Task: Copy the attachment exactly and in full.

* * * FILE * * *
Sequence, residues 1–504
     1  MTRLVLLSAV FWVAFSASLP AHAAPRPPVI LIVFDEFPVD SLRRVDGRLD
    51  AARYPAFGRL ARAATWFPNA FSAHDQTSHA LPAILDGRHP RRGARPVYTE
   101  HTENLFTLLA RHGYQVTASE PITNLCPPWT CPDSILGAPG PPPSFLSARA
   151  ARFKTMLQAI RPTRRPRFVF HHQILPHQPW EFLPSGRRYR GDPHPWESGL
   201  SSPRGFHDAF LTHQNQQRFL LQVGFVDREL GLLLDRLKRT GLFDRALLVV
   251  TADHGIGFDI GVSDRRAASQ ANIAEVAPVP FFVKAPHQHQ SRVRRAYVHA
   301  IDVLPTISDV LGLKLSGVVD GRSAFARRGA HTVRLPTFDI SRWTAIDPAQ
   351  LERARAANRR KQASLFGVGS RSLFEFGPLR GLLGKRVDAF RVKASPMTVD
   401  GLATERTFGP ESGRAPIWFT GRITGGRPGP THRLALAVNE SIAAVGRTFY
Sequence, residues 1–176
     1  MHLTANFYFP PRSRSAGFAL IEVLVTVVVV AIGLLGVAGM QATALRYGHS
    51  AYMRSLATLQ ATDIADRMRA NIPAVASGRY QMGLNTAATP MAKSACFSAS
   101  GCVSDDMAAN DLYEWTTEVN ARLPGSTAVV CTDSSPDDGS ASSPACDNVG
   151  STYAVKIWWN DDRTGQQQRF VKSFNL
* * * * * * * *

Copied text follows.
Sequence, residues 1–504
     1  MTRLVLLSAV FWVAFSASLP AHAAPRPPVI LIVFDEFPVD SLRRVDGRLD
    51  AARYPAFGRL ARAATWFPNA FSAHDQTSHA LPAILDGRHP RRGARPVYTE
   101  HTENLFTLLA RHGYQVTASE PITNLCPPWT CPDSILGAPG PPPSFLSARA
   151  ARFKTMLQAI RPTRRPRFVF HHQILPHQPW EFLPSGRRYR GDPHPWESGL
   201  SSPRGFHDAF LTHQNQQRFL LQVGFVDREL GLLLDRLKRT GLFDRALLVV
   251  TADHGIGFDI GVSDRRAASQ ANIAEVAPVP FFVKAPHQHQ SRVRRAYVHA
   301  IDVLPTISDV LGLKLSGVVD GRSAFARRGA HTVRLPTFDI SRWTAIDPAQ
   351  LERARAANRR KQASLFGVGS RSLFEFGPLR GLLGKRVDAF RVKASPMTVD
   401  GLATERTFGP ESGRAPIWFT GRITGGRPGP THRLALAVNE SIAAVGRTFY
Sequence, residues 1–176
     1  MHLTANFYFP PRSRSAGFAL IEVLVTVVVV AIGLLGVAGM QATALRYGHS
    51  AYMRSLATLQ ATDIADRMRA NIPAVASGRY QMGLNTAATP MAKSACFSAS
   101  GCVSDDMAAN DLYEWTTEVN ARLPGSTAVV CTDSSPDDGS ASSPACDNVG
   151  STYAVKIWWN DDRTGQQQRF VKSFNL